June 18, 2009

Supreme Court Denies Criminals The Right To DNA Evidence Tests

The U.S. Supreme Court ruled that convicted criminals do not have a constitutional right to obtain access to a state's biological evidence to conduct DNA testing when pursuing claims of innocence, Reuters reported.

The nation's highest court ruled in a 5-4 vote on Thursday to refuse the creation of a new legal right for post-conviction DNA testing, which has exonerated at least 232 people nationwide years after they had been convicted of crimes.

The decision maintains that forty-six states and the federal government have laws that give convicts some access to DNA testing.

States including Alaska, Alabama, Massachusetts, and Oklahoma do not explicitly allow such testing.

However, some states opposed to the testing argue it would be costly and would likely lead to unnecessary litigation in cases in which a defendant received a fair trial and there was overwhelming evidence showing guilt.

A U.S. appeals court ruling for William Osborne, who was convicted for the 1993 rape, kidnapping and assault of a prostitute near the Anchorage airport, was also overturned.

It was ruled that Osborne has a right to subject certain biological evidence to advanced DNA testing as part of his later defense claims.

Osborne initially declined the advanced DNA test at trial and later admitted his guilt in 2004 while under oath to a parole board. A separate suspect who was also convicted in the attack has stated repeatedly that Osborne was involved in the incident.

For fear that the results might incriminate him, Osborne's lawyers decided not to pursue the more advanced DNA testing before his case went to trial. The biological evidence could be from Osborne as well as about 15 percent of all black men, based on results from a less refined test used by the state.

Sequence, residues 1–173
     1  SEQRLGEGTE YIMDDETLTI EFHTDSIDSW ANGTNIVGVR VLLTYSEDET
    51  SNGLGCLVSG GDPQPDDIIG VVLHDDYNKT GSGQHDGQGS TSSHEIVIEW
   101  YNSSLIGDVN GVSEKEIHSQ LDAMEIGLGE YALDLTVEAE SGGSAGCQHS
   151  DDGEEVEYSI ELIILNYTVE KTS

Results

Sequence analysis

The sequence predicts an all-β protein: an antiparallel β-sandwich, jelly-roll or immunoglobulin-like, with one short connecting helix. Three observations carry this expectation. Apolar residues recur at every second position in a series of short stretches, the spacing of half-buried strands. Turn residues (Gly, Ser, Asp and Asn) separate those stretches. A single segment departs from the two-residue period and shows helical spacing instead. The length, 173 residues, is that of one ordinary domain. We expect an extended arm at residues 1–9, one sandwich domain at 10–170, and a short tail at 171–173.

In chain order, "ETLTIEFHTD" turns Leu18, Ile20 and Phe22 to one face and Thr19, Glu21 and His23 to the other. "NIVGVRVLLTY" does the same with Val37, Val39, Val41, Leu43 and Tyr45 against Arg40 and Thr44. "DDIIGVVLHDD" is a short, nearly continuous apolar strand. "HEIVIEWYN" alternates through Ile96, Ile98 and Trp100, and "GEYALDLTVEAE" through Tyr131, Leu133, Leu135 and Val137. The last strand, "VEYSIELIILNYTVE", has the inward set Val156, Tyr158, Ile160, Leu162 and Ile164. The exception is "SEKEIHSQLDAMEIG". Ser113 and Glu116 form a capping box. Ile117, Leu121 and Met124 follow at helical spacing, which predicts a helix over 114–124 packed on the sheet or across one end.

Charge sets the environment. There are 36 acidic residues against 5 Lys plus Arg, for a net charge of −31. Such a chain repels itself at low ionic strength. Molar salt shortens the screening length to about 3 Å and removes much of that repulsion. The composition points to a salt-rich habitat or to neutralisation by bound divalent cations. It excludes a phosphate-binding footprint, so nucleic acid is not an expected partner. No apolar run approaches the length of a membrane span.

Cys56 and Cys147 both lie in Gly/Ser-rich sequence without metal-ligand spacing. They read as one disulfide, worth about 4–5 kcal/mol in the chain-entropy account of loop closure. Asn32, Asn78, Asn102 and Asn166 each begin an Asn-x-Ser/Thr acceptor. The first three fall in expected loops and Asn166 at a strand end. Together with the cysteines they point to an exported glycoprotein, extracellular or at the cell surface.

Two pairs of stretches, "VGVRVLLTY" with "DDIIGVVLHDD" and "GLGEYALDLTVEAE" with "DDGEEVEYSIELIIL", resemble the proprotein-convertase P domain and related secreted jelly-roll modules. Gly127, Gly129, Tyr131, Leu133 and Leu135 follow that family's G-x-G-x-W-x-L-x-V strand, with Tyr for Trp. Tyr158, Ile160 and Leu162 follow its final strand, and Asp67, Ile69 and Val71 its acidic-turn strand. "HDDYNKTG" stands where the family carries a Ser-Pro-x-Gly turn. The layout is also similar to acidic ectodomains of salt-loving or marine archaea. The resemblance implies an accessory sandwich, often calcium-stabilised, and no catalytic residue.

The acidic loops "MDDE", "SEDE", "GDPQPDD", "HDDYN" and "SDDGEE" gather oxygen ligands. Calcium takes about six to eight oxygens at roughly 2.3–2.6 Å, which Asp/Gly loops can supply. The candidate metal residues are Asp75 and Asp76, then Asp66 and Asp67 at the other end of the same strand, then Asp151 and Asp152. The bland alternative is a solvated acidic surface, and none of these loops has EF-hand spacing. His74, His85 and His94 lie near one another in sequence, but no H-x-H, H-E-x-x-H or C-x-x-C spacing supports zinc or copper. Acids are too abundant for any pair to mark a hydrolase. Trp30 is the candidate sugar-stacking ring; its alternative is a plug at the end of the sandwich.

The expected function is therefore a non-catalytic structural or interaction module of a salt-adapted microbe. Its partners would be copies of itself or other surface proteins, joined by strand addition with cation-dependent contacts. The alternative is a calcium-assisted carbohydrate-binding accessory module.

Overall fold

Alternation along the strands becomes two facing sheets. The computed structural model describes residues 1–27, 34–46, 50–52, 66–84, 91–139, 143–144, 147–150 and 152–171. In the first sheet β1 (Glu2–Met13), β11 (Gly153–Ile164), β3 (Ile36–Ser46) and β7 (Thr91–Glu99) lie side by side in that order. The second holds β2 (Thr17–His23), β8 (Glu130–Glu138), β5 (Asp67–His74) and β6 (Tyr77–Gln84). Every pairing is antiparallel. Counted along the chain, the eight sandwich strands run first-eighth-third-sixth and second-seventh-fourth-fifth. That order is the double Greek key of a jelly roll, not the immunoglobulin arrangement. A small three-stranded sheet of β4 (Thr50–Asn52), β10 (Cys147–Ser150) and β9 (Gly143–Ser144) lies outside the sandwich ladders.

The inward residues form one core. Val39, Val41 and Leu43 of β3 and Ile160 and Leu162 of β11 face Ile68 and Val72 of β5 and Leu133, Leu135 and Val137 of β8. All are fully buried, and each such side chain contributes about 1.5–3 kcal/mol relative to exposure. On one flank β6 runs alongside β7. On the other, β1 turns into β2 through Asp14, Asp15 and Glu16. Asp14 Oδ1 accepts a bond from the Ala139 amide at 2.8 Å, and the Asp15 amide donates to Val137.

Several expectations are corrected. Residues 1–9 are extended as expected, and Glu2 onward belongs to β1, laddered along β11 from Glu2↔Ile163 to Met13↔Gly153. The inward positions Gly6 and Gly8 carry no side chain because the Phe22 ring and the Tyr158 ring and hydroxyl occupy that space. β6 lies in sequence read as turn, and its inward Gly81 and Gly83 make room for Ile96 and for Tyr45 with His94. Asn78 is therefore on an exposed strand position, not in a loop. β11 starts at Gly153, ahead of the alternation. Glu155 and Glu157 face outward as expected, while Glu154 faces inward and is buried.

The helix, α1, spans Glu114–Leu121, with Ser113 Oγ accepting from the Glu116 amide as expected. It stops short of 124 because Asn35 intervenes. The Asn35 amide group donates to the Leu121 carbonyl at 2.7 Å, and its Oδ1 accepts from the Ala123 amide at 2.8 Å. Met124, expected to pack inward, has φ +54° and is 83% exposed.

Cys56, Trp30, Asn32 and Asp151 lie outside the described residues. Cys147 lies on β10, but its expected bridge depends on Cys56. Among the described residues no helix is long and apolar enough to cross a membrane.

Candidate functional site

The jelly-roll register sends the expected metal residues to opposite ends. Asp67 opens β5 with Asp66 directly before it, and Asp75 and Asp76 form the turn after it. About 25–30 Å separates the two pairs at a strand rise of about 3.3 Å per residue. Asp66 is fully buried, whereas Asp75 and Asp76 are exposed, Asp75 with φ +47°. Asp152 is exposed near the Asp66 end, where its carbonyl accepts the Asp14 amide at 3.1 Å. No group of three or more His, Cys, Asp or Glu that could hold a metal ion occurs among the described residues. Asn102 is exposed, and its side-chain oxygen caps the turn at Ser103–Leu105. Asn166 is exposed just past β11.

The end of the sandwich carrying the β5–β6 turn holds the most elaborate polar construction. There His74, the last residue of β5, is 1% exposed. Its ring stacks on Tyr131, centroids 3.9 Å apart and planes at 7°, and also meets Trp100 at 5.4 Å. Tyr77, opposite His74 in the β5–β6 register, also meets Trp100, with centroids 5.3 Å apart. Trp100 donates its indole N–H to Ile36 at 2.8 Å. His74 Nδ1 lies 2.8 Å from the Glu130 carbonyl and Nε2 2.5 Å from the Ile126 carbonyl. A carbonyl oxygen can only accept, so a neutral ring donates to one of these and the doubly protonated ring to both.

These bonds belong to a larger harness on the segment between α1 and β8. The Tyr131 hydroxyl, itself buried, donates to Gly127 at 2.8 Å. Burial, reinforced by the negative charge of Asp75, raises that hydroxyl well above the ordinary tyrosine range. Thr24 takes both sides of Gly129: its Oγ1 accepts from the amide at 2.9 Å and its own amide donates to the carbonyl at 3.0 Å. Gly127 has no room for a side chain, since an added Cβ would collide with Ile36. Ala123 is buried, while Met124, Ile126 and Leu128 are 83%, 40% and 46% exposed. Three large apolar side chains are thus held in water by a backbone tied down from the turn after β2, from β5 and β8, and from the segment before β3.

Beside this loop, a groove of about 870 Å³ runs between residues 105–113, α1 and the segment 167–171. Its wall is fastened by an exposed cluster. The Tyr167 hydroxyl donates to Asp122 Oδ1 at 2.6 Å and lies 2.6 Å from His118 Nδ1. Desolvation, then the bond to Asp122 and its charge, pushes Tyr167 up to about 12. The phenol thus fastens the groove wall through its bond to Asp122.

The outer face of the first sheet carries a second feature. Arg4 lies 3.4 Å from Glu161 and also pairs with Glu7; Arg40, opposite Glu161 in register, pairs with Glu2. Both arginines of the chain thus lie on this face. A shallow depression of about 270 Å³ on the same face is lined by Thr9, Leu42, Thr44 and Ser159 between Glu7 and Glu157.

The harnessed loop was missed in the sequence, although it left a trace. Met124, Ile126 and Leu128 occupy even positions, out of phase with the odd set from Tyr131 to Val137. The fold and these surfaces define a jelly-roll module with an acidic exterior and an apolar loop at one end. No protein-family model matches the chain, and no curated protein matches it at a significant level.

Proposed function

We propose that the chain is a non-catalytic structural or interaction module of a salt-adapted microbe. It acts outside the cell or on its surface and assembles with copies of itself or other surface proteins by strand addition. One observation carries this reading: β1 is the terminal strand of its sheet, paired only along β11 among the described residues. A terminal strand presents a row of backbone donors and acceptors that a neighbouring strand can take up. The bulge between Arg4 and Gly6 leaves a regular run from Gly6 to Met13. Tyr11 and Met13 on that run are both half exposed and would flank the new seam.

But in an effort to prove his innocence, Osborne sought access to the biological evidence for the advanced DNA testing.

However, the state of Alaska said a right to post-conviction DNA testing would "open the floodgates" for lawsuits seeking new tests for old evidence and the U.S. Justice Department supported the decision.

Alaska said the issue should be left to the states and Congress to adopt their own procedures.

Chief Justice John Roberts agreed and said rules and procedures are being shaped by legislatures and state courts.

"There is no reason to constitutionalize the issue," he wrote in the opinion for the court's conservative majority.

However, liberal justices John Paul Stevens, David Souter, Ruth Bader Ginsburg and Stephen Breyer contested the decision.

Stevens cited a fundamental concern in ensuring that justice has been done in this case, stating there was "no reason to deny access to the evidence".


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